In a recent ESG blog titled “Tape is not a four-letter word, ” Jason Buffington discusses how today’s tape technology is very relevant for an organization’s data preservation. In this BlogBytes, we will review some of these storage factors including how NBC utilized LTO tape technology to manage the massive amount of video created during the 2016 Olympics. We’ll also take a peek at a few more four-letter words to see how they are relevant to storing data.
In Buffington’s post, he discusses disk, cloud and tape. He notes that disk is used mainly for initial storage with snapshot replicas while suggesting that tape is used for ultimate backup and disaster recovery. He states that cloud is not a medium; it is a consumption model for service delivered by disk and tape mediums. He believes that tape is as relevant as it’s ever been, stating: “There are many organizations that need to re-discover what modern tape (not legacy stuff) really can do for their data protection and data management strategies.”
Top Two Business Initiatives
In a recent ESG study, reviewed in BlogBytes, it was found that increasing cyber security and reducing costs were the top two business initiatives for organizations. These are likely because of the ever-present threats to data security and because data center budgets typically fall far short of storage investment requirements to keep up with the ever-growing amount of data. It’s no surprise that a four-letter word can help solve these issues: Tape. One example of this was during the 2016 Olympic Games. NBC’s coverage of the Olympics generated hundreds of thousands of hours of video content. How did NBC manage this daunting task of storing all this content? Here’s the story.
The 2016 Olympics in Rio de Janeiro saw many records broken on the track, in the pool, and in a number of other events. However, NBC was breaking some video storage records behind-the-scenes. A Sportsvideo.org article describes how “this year’s event saw more digital coverage than ever, nearly double the amount of TV coverage and 2.5 times more than London 2012 (218,000 hours versus 81,500 hours). NBC exceeded a staggering 2.5 billion live-streaming minutes, more than 1 billion more than all previous Olympic Games combined.” NBC’s thousands of hours of recordings were stored on two medium sized LTO tape libraries, which definitely deserve a virtual archive gold medal. In the article, Jim Miles, director, Digital Workflow Systems, NBC Olympics, said, “Once the Games began, we logged every aspect of the competition so we can tell that story again next time. This workflow isn’t just for the Olympics but all our other entities, such as NHL and NFL; we go back to the archives constantly.”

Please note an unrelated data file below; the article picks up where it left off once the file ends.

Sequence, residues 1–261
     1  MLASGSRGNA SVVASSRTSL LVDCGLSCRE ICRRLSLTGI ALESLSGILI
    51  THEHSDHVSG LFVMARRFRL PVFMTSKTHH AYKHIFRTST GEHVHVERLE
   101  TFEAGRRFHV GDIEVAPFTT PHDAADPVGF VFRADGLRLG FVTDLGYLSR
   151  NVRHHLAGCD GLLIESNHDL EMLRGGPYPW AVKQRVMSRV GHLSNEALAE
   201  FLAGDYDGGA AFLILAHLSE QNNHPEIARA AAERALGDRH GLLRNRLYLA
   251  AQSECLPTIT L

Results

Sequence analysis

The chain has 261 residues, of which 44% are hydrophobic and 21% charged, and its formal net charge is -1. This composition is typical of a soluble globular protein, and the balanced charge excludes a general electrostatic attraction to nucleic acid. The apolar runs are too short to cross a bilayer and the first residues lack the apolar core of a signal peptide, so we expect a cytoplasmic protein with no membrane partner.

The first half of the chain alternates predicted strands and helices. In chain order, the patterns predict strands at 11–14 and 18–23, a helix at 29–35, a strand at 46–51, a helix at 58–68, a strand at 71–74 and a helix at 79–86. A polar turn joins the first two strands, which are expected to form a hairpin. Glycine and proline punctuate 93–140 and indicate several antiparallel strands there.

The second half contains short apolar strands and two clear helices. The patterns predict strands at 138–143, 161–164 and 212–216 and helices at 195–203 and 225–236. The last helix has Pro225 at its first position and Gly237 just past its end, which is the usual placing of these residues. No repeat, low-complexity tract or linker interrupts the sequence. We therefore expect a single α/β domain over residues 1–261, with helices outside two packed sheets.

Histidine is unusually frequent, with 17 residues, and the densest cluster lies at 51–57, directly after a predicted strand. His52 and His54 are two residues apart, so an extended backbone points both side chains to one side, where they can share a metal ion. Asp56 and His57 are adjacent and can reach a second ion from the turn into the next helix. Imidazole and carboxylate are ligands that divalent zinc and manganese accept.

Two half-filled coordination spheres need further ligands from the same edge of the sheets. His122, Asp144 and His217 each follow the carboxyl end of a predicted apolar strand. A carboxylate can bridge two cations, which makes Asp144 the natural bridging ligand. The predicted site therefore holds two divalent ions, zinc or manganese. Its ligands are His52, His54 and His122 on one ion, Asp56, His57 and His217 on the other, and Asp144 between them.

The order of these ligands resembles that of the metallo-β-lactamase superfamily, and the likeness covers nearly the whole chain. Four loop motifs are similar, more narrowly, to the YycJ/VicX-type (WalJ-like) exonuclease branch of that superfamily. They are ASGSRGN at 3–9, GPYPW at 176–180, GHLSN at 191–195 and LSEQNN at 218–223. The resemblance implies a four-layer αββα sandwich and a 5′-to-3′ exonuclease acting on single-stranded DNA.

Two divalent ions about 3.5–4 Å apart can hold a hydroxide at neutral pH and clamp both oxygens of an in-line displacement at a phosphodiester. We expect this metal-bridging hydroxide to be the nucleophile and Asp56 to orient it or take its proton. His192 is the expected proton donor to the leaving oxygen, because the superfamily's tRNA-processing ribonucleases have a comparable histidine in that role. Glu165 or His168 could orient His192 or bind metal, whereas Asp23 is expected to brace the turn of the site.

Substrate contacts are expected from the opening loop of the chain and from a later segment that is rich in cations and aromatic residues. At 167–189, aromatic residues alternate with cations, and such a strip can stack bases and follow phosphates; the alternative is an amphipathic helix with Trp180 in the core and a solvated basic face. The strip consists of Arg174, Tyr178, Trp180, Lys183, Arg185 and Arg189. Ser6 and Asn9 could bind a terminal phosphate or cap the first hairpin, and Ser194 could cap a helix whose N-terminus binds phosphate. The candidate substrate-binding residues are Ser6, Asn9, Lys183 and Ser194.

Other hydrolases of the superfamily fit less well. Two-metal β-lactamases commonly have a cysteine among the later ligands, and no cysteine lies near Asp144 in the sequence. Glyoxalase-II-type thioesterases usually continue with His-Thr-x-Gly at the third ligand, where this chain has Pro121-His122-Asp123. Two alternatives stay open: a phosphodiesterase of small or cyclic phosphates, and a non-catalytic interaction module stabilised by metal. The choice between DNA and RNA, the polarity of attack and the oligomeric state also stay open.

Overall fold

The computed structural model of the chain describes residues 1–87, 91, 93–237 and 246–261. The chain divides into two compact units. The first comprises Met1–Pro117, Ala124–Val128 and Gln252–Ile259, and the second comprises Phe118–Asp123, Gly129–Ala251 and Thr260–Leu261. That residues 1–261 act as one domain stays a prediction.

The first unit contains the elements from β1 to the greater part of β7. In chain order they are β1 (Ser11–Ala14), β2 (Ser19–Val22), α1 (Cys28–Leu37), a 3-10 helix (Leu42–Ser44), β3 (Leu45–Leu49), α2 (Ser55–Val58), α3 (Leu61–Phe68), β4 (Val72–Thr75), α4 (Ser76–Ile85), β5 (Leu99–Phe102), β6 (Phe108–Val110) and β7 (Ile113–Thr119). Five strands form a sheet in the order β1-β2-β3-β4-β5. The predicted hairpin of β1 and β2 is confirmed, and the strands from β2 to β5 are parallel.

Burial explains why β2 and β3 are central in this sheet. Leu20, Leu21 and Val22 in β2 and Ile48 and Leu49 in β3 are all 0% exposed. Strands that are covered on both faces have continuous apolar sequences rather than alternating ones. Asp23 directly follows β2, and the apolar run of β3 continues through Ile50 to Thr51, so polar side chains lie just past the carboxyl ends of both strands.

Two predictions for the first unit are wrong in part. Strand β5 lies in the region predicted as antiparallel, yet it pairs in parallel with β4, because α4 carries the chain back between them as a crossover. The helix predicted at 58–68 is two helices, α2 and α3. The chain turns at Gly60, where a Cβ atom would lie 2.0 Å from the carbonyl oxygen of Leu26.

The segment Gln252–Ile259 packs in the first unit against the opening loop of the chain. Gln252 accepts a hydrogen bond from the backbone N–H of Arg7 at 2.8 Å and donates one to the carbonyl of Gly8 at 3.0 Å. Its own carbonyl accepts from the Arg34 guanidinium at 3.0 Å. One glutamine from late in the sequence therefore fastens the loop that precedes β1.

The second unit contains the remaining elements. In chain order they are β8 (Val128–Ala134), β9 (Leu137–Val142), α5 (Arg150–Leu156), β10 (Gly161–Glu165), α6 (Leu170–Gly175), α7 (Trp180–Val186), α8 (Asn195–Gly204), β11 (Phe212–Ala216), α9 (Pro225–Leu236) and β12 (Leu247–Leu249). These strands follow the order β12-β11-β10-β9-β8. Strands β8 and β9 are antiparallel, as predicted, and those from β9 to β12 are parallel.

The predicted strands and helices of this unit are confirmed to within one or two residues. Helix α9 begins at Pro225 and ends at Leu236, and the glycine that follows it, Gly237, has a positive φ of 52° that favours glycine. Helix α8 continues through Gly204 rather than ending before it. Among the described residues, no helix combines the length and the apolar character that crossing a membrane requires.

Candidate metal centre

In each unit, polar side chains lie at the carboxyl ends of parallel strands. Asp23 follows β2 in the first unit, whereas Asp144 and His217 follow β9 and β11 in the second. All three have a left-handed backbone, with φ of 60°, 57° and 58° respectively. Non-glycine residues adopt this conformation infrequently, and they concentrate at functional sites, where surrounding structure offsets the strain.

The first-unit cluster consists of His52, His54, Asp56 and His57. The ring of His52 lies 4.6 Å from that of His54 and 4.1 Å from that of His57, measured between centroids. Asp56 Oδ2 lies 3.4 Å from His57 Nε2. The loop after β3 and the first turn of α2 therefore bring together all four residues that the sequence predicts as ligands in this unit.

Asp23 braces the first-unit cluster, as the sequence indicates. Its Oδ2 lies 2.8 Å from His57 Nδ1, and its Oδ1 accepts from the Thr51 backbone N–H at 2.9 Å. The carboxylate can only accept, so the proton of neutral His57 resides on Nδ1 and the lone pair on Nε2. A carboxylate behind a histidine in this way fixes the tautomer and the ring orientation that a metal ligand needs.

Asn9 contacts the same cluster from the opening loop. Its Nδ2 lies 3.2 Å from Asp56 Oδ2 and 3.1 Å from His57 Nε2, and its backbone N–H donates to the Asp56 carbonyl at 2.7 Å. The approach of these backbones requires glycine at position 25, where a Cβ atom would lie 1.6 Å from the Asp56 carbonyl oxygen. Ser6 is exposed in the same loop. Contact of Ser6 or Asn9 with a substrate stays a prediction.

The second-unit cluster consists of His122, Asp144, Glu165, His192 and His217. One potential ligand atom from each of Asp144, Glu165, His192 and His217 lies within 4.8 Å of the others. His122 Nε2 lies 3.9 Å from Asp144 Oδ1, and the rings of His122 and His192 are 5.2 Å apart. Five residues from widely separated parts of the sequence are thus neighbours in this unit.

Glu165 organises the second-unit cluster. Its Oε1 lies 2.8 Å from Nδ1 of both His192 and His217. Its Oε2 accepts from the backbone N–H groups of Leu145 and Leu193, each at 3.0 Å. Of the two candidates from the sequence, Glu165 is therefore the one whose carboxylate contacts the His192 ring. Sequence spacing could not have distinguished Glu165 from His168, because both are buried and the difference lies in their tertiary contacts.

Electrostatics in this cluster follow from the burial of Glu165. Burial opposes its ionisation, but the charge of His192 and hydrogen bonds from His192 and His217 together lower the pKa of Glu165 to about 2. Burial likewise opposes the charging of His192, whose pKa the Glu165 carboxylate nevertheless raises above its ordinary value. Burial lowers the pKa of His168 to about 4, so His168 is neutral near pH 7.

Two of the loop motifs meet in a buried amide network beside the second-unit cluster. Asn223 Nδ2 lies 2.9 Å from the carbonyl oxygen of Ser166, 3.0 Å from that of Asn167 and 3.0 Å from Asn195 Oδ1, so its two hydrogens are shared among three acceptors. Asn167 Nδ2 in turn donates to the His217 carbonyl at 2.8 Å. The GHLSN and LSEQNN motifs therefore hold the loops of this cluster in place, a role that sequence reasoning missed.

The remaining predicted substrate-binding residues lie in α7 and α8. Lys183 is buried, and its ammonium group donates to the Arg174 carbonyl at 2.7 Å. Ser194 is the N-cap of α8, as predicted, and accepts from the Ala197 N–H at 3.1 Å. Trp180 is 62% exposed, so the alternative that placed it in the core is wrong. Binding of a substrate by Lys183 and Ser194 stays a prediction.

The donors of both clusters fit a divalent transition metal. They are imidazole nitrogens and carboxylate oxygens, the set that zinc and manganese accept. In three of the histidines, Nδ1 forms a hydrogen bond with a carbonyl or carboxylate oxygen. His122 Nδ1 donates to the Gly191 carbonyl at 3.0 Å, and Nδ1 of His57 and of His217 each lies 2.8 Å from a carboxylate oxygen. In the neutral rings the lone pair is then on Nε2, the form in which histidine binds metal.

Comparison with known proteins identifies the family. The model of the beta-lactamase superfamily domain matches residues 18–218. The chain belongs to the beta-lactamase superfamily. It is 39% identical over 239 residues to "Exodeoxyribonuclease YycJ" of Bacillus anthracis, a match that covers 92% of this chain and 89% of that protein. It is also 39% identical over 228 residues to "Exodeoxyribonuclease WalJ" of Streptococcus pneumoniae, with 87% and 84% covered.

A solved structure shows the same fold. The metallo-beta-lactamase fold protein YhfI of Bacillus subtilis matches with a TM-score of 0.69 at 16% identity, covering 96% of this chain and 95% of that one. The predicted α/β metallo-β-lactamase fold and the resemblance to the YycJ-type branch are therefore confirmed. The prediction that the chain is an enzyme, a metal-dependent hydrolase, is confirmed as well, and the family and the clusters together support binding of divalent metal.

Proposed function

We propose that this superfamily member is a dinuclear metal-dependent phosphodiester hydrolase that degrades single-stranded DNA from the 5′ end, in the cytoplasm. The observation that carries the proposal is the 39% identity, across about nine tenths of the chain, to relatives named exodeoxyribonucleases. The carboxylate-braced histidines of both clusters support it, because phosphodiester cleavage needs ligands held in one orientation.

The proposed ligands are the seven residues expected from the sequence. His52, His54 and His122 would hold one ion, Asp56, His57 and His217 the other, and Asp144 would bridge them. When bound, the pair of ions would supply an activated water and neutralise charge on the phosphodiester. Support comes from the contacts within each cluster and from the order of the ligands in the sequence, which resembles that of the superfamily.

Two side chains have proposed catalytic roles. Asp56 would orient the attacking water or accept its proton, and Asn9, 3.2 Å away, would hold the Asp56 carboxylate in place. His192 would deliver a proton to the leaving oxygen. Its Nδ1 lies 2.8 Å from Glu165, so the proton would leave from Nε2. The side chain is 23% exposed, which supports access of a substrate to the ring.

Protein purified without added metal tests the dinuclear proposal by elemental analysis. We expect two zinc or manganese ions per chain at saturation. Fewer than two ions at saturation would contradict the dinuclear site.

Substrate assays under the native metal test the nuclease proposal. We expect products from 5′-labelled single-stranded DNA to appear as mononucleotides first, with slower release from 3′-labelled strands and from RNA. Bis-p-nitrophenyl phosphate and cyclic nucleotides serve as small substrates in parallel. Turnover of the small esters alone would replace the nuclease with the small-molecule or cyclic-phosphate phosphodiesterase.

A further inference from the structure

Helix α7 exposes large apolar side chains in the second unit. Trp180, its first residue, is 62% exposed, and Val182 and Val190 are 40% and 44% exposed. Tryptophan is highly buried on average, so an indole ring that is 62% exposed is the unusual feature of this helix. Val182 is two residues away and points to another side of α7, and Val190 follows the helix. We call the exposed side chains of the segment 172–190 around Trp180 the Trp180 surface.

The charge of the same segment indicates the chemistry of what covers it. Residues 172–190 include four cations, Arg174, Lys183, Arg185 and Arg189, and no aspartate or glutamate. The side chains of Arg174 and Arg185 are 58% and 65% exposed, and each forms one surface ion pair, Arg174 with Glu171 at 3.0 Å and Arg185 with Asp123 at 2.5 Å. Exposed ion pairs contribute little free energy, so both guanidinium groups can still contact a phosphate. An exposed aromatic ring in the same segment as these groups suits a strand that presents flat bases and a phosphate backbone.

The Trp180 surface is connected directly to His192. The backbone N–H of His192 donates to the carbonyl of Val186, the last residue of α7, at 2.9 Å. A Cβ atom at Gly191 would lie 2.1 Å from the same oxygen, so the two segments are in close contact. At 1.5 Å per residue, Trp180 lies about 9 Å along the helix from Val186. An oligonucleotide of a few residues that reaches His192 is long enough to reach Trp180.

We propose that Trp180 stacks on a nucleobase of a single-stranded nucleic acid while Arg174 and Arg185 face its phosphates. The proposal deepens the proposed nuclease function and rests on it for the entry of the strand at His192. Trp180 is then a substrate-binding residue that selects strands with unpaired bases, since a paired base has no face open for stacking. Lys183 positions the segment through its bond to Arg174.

ESG’s viewpoint and NBC’s giant LTO Olympic archive project bring to mind some additional four-letter words that are associated with LTO tape:
Easy – Utilizing tape is a straightforward process requiring very little administrative personnel. When paired with the Linear Tape File System (LTFS), accessing data on tape is easily done in a manner like using a disk drive or a USB stick!
Safe – LTO technology supports hardware encryption to help protect precious data content from unwarranted access. Additionally, an LTO cartridge can be removed from the system which guards against electronic access from hackers and viruses seeking to steal and corrupt data.
Cost – LTO technology has been shown to be the lowest cost method of digital data storage, which helps to stretch tight storage budgets with low acquisition costs and low energy consumption.
LTO technology is great! Well now…a five-letter word!